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Cardiac Syndrome X
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Cardiac Syndrome X
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Related terms: angina, microvascular angina

Cardiac syndrome X patients have the pain of angina, but they do not have coronary artery disease (CAD). So even though patients with cardiac syndrome X have symptoms of CAD, the coronary arteries are clear of blockages.

Cardiac syndrome X is more common in women, especially women who have gone through menopause. It is not life threatening and does not increase your risk of heart attack or CAD.

What are the symptoms?

 

The pain of angina starts in the center of the chest, but the pain may spread to your left arm or your neck, back, throat, or jaw. You may have numbness or a loss of feeling in your arms, shoulders, or wrists. Patients with cardiac syndrome X often have chest pain after they exercise.

When patients with cardiac syndrome X have an exercise stress test, the results may look as though they have CAD. But when doctors use a test called coronary angiography to look for blockages in the coronary arteries, the arteries look clear and normal.

What causes cardiac syndrome X?

There are many theories about what causes cardiac syndrome X. Some doctors think it has to do with how patients feel pain, while others think it may be linked to low levels of the female hormone estrogen.

New research has shown that cardiac syndrome X is most likely caused by a form of angina called microvascular angina. In microvascular angina, the small blood vessels in the heart (called capillaries) tighten or constrict. This tightening reduces the blood flow in the heart and causes the pain of angina. But because these capillaries are so tiny, they do not increase the risk of heart attack. They are also too small to detect with the standard tests that doctors would normally use to see larger vessels.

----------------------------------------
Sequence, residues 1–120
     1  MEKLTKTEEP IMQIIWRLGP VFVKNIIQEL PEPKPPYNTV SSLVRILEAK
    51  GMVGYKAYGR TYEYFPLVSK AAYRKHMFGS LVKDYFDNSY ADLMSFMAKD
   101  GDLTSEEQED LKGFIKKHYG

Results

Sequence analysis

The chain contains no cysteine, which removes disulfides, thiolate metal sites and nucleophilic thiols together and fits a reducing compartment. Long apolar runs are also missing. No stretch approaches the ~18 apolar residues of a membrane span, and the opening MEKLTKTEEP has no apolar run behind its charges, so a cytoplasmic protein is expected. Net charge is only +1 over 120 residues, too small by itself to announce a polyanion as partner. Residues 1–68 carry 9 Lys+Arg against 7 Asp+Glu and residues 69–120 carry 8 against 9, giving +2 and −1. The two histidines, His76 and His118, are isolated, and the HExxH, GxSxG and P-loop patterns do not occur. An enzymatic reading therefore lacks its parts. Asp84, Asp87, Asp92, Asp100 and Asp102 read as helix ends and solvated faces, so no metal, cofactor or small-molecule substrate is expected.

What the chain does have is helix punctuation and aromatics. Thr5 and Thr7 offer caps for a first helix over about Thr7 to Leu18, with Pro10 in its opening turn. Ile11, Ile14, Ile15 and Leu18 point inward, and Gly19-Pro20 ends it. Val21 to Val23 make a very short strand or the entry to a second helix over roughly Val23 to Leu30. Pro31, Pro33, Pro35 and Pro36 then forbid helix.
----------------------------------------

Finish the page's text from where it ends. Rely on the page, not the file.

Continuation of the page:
How is cardiac syndrome X diagnosed?

Cardiac syndrome X is usually diagnosed by using many of the same tests used to diagnose CAD. These tests will help your doctor determine if you have cardiac syndrome X and not CAD.

  • A baseline electrocardiogram (ECG or EKG), which records your heart's electrical activity while you sit quietly. An exercise ECG, also known as a stress test, will show how your heart responds to increasing exercise. 
     
  • An exercise radioisotopic test, also called a nuclear stress test, to show how blood flows through your arteries.
  • Echocardiography, which uses sound waves to produce an image of the heart to see how it is working.

In patients with CAD, coronary angiography usually shows a blocked artery that slows blood flow to the heart. But in patients with cardiac syndrome X, the test results are completely normal. If you have an abnormal exercise stress test and a normal coronary angiogram, your doctor may suspect that you have cardiac syndrome X.

Before making a firm diagnosis, your doctor may check for other conditions that could be causing your symptoms, including high blood pressure or heart valve disease.

How is cardiac syndrome X treated?

A number of medicines can help relieve the angina pain that comes with cardiac syndrome X.

  •   A medicine called nitroglycerin (nitro) can widen or dilate the arteries and improve blood flow to your heart. Nitro can be given through a skin patch, pills, an ointment, or a spray.
  • Beta-blockers "block" the chemical or hormonal messages sent to your heart that make it work harder. 
  • Calcium channel blockers can help to keep your arteries open and reduce your blood pressure by relaxing the smooth muscle that surrounds the arteries in your body.

You may need to try a number of these medicines before you find the one that works best for you.

See also on this site:

See on other sites:

MedlinePlus 
www.nlm.nih.gov/medlineplus/angina.html
Angina


Updated August 2014
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